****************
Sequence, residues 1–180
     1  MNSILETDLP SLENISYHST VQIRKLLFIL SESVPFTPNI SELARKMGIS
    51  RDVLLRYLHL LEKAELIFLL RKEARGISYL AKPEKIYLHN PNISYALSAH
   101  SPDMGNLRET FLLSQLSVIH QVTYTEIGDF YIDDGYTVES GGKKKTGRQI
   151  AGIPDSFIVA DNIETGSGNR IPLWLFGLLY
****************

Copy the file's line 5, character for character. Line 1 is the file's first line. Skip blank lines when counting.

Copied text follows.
   151  AGIPDSFIVA DNIETGSGNR IPLWLFGLLY